By August 17, 2010 5 Comments Read More →

Lean Experience “A Plus” for Lean Healthcare Job?

Via Google Alerts, I try to regularly scan and see where hospitals are posting jobs related to Lean. I found (OK, Google found) one posting last week that I shared on my “Move to Healthcare” networking site (free registration required to view and participate fully). You can also see the posting here on hotjobs.

One frequent topic of discussion on MTH is how some hospitals are very open to hiring experienced lean and process improvement people from outside of healthcare, while others are insistent on only hiring within the industry. This one position, for a fairly deep “Lean Specialist” job at a hospital in Connecticut not only calls for “7 years of health care experience” yet also says “Lean experience is a plus.” No joke. Read that again.

Now, I’m not saying that healthcare people can’t learn Lean. Not at all. I’m not saying that someone from manufacturing can automatically come into healthcare, either. From what I’ve seen, you need a mix of inside and outside perspectives to be successful with Lean in a healthcare organization.

In the case of this posting, I’m less flummoxed by the requirement for healthcare experience than I am the “lean experience is a plus” part.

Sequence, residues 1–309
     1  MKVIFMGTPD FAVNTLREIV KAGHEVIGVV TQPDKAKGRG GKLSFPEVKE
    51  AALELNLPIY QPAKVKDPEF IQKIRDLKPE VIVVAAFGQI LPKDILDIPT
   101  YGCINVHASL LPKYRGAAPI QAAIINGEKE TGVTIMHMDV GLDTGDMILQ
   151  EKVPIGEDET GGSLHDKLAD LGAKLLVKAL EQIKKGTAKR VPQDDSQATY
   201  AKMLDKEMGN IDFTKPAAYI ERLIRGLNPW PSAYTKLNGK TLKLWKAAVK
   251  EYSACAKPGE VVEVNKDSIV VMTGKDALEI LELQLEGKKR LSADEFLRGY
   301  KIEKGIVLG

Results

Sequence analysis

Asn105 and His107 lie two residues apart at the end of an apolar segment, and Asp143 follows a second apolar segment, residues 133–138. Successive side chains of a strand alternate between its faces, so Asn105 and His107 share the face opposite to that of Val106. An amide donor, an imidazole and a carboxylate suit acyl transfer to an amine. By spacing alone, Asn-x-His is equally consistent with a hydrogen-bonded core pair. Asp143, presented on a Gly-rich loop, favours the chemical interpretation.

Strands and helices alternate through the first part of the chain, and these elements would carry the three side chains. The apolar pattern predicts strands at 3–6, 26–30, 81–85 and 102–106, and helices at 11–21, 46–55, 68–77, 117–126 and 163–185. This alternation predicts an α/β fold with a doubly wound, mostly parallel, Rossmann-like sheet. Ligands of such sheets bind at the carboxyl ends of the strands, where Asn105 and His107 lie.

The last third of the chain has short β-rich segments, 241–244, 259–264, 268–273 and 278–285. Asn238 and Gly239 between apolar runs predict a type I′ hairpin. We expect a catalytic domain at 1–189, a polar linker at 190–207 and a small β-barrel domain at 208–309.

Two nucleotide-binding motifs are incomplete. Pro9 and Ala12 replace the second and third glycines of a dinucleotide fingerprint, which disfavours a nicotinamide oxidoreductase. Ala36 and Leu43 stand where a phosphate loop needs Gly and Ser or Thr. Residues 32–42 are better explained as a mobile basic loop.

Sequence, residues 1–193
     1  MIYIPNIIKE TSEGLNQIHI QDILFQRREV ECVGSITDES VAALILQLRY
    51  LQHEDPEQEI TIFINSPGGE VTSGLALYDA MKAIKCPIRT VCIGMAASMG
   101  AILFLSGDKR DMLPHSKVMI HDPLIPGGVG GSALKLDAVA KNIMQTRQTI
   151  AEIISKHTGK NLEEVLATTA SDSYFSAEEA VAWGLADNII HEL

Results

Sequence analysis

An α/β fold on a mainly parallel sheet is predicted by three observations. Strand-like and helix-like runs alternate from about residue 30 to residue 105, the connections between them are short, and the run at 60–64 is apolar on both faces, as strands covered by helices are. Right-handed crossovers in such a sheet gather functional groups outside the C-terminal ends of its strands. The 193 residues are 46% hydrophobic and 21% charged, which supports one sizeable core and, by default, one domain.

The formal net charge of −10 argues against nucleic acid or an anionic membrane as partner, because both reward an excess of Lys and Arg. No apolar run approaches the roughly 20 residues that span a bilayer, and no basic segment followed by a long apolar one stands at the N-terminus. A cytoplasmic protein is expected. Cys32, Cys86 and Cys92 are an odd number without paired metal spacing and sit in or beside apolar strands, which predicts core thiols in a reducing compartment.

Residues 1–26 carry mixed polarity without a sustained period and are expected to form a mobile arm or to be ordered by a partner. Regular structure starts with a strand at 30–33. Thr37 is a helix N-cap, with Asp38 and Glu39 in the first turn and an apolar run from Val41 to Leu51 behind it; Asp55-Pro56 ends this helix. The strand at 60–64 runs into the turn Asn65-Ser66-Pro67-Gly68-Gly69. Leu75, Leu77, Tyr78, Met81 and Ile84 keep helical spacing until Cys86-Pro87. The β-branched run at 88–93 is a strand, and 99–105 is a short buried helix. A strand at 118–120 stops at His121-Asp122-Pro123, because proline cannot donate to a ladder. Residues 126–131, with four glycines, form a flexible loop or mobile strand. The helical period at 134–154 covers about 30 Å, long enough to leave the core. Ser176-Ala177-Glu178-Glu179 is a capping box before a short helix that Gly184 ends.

This doesn’t sound like a job for a lean newbie, with responsibilities including evaluating and developing training materials and training others. This isn’t an entry-level lean facilitator role…

I’d think a better requirement would be “7 years of lean experience required, healthcare experience a plus.

One can only hope that H.R. messed up the job posting and got things backwards… they might have a defective process.

The job description concludes:

The incumbent must be willing to challenge the status quo to ensure that Lean principles are implemented, as well as be able to understand the organizational change strategy and articulate this to external audiences.

Do you think somebody put into that role who is brand new to Lean is more likely to challenge the status quo or get steamrolled? Is this likely to lead to “L.A.M.E.” (Lean As Misguidedly Explained) instead of Lean?